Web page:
Environmental Law Portal

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Beveridge & Diamond’s 100 lawyers in seven U.S. offices focus on environmental and natural resource law, litigation and dispute resolution. We help clients around the world resolve critical environmental and sustainability issues relating to their products, facilities, and operations. 

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Texas Supreme Court Rules Additional-Insured Coverage Is Limited by Underlying Indemnification Agreement in In re Deepwater Horizon

In a much anticipated 8-1 decision, the Texas Supreme Court ruled Friday that BP is not entitled to additional-insured coverage in In re Deepwater Horizon, No. 13-0670 (Feb. 13, 2015). Read More ›

Washington Federal Court Finds Nuisance Claims Displaced by CERCLA

Expanding the reach of the federal displacement doctrine and the U.S. Supreme Court’s decision in AEP v. Connecticut, a federal district court for the first time held that the Comprehensive Environmental Response, Compensation, and Liability Act (“CERCLA”) displaces the federal common law of nuisance in claims alleging damages caused by releases of hazardous substances. See Anderson v. Teck Metals, Ltd., No. CV-13-420 (E.D. Wash. Jan. 5, 2015). This ruling follows on a 2011 U.S. Supreme Court holding that regulation of greenhouse gases under the Clean Air Act displaces federal nuisance claims arising from the effects of climate change. See AEP v. Connecticut, 131 S. Ct. 2527 (2011). Read More ›

North Carolina’s Amended Repose Law Fails to Save Barred Toxic Tort Claim

Notwithstanding the intent of the North Carolina legislature, a federal court ruled that the state’s recently amended law exempting groundwater contamination suits from a 10-year statute of repose did not save a latent toxic tort action. See Stahle v. CTS Corporation, No. 1:14-cv-00048-MOC-DLH (W.D.N.C. Dec. 4, 2004). Read More ›

High Court Finds Plausible Showing of Amount in Controversy Sufficient to Remove Action

In a decision that may make it somewhat easier for defendants to remove putative class actions from state to federal court, the U.S. Supreme Court ruled that defendants in such cases do not need to offer evidence in their notices of removal proving that the amount in controversy exceeds the jurisdictional threshold. See Dart Cherokee Basin Operating Co. v. Owens, No. 13-719 (Dec. 15, 2014). Read More ›

Arkansas Federal Court Denies Class Certification in Property Damage Suit

Exemplifying the reluctance of many courts to allow toxic tort cases to proceed as class actions, a federal judge in Arkansas denied certification of a putative class of neighboring landowners who claimed the Defendant’s failure to adequately remediate contamination damaged their property values. See Day v. Whirlpool Corp., Case No. 2:13-CV-02164 (W.D. Ark. Dec. 3, 2014). Read More ›

Louisiana Federal Court Excludes “Every Exposure” Testimony

Adding to the growing body of case law that rejects the so-called “every exposure” theory, a federal court in Louisiana has excluded specific causation opinions of a plaintiffs’ expert who relied on the theory, finding that such a “one-size fits all” approach is not reliable expert testimony. See Comardelle v. Pennsylvania Gen. Ins. Co., No. 13-6555 (E.D. La. January 5, 2015). Read More ›

Missouri Federal Court Cuts Claims in Pipeline Property Damage Action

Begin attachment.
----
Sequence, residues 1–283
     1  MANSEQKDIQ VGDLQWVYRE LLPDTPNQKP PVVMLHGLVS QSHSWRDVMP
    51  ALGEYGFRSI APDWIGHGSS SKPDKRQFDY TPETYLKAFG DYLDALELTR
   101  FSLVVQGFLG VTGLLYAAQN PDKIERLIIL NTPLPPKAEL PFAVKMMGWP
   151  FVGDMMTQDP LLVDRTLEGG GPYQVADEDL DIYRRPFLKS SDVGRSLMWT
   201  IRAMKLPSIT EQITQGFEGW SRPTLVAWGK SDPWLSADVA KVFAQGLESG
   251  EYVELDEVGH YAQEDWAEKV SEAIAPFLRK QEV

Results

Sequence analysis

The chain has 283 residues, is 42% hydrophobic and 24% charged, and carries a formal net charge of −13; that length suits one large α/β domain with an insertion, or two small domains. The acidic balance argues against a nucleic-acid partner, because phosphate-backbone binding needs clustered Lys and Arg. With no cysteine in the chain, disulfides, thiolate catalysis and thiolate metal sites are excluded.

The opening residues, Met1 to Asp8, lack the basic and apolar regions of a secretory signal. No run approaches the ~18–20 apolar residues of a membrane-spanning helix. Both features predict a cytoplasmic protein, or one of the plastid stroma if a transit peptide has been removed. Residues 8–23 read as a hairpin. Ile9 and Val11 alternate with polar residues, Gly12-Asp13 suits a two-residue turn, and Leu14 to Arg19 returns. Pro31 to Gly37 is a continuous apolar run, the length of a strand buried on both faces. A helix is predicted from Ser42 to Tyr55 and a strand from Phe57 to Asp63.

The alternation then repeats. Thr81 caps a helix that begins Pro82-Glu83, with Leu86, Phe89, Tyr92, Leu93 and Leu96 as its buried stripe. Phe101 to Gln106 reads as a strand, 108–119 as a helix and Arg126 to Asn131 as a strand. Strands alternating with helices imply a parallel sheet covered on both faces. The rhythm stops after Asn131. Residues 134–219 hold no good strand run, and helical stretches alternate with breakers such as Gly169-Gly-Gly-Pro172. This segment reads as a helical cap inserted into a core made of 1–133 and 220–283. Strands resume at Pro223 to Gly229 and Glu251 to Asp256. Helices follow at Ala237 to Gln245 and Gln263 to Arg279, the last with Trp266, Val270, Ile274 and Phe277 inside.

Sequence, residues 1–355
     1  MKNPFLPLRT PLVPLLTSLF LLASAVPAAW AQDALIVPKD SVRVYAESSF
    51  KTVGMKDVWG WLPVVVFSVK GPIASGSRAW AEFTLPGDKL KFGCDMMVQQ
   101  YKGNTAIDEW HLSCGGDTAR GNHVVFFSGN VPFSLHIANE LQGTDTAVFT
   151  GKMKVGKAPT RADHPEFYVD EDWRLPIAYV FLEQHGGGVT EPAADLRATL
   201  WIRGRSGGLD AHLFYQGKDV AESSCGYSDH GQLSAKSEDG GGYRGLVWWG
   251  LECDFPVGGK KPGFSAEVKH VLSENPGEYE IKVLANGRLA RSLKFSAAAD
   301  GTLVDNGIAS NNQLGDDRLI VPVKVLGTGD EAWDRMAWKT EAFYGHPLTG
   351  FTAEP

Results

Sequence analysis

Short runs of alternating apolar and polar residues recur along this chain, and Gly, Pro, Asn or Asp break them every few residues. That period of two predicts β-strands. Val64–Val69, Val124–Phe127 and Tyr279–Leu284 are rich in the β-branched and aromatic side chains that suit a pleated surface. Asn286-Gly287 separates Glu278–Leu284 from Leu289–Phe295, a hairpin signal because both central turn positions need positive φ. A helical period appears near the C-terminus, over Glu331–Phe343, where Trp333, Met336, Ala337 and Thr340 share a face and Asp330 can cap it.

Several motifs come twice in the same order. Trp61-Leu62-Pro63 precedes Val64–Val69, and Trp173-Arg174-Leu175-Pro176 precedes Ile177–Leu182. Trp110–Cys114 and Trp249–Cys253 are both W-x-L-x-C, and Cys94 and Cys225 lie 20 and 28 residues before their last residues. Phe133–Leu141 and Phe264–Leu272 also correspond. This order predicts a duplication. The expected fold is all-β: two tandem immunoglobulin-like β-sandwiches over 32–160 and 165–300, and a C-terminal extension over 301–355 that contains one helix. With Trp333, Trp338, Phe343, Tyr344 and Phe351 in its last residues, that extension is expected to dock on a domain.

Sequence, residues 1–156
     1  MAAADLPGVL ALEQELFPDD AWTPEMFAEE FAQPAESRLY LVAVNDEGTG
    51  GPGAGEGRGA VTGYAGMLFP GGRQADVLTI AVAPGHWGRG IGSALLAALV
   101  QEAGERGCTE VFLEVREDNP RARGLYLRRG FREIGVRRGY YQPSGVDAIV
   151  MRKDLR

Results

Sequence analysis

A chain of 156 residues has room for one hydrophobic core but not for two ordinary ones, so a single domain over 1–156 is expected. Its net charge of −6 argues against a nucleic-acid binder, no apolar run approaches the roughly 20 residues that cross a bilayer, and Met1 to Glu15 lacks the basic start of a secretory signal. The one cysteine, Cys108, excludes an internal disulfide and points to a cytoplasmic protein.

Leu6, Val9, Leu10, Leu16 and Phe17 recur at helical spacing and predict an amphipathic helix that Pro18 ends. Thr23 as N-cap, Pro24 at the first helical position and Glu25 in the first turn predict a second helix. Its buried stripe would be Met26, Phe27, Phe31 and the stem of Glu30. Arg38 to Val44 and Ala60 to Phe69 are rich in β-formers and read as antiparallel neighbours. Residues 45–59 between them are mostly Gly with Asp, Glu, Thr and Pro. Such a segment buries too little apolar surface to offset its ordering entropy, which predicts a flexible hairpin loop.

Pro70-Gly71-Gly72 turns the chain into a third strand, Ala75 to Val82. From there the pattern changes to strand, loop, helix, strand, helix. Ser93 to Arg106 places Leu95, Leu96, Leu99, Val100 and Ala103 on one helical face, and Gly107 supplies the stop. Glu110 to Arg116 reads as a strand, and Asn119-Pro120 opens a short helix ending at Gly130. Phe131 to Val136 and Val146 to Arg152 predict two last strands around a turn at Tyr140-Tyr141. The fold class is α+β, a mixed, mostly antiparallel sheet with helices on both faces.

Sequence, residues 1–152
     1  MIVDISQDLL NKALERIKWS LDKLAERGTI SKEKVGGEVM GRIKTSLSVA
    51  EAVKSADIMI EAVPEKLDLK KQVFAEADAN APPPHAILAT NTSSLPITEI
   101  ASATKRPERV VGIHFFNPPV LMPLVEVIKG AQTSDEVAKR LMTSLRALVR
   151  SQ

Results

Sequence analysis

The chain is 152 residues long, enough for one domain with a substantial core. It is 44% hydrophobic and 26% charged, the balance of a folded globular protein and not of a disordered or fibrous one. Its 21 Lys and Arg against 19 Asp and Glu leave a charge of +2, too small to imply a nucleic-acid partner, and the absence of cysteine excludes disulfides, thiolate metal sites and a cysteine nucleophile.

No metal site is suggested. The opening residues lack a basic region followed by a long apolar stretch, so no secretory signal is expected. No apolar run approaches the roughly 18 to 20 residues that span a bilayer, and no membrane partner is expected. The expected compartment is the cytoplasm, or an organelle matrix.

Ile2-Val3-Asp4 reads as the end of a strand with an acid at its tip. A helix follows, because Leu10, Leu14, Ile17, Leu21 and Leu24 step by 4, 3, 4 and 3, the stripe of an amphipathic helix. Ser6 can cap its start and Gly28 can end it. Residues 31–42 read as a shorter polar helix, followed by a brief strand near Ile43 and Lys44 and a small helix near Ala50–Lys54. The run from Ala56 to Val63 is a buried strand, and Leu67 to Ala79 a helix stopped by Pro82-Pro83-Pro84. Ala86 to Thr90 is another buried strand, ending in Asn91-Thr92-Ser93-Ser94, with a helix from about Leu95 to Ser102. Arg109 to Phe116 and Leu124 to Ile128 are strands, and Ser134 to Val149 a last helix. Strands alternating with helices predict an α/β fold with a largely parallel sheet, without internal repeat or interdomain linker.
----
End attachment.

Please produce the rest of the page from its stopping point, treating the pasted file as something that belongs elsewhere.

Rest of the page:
Underscoring the need for plaintiffs to show concrete proof of harm in suits alleging property damage, a federal district court dismissed a suit alleging that an oil pipeline contaminated farmland in Missouri. See Henke v. ARCO Midcon, L.L.C., No. 4:10cv00086 (E.D. Mo. Jan. 5, 2015). Read More ›

Eleventh Circuit Reinstates Groundwater Contamination Case Dismissed on Lone Pine Order

In a case that may provide some plaintiffs with protection from early Lone Pine orders, the Eleventh Circuit reversed a trial court’s dismissal of a groundwater contamination case for failure to sufficiently state claims after the trial court’s Lone Pine order. See Adinolfe v. United Technologies Corp., No. 12-16396 (11th Cir. Oct. 6, 2014). Read More ›

California State Senators Announce Suite of Aggressive Climate Legislation

On Tuesday, February 10, several members of the California Senate proposed a package of four bills that would expand the state’s climate change and renewable energy programs, and extend those programs through 2050.  If passed, these bills would set an aggressive, overarching target for reduction of greenhouse gas pollution by 2050, and implement several new programs: Read More ›

The Sixth Circuit Extends the Clean Water Act’s Permit Shield Defense to General Permit Holders

The Sixth Circuit recently ruled that facilities holding a Clean Water Act (“CWA”) Section 402 general permit – one of two types of National Pollutant Discharge Elimination System (“NPDES”) permits – may avail themselves of the CWA’s permit shield provision, 33 U.S.C. § 1342(k), which “insulates permit holders from liability for certain discharges of pollutants that the permit does not explicitly mention.”  See Sierra Club v. ICG Hazard, LLC, App. No. 13-5086, Slip Op. at 6 (6th Cir. Jan. 27, 2015).  This is the first circuit court decision to address “the applicability and scope of the permit shield when the discharger’s operations are governed by a general permit.”  By extending the permit shield defense to general permit holders, the Sixth Circuit has closed the back door to plaintiffs wishing to litigate the propriety of government-authorized discharge limitations applicable to large classes of industrial and municipal operators nationwide. Read More ›